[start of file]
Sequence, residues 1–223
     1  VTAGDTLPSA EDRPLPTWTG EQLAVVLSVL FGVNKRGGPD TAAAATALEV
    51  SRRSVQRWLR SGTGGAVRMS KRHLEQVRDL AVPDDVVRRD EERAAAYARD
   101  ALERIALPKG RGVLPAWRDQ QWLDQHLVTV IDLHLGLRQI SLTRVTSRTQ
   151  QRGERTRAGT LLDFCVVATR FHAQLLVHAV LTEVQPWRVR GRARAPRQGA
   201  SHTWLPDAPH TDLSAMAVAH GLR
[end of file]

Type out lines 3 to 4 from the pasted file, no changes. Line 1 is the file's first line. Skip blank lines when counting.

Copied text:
    51  SRRSVQRWLR SGTGGAVRMS KRHLEQVRDL AVPDDVVRRD EERAAAYARD
   101  ALERIALPKG RGVLPAWRDQ QWLDQHLVTV IDLHLGLRQI SLTRVTSRTQ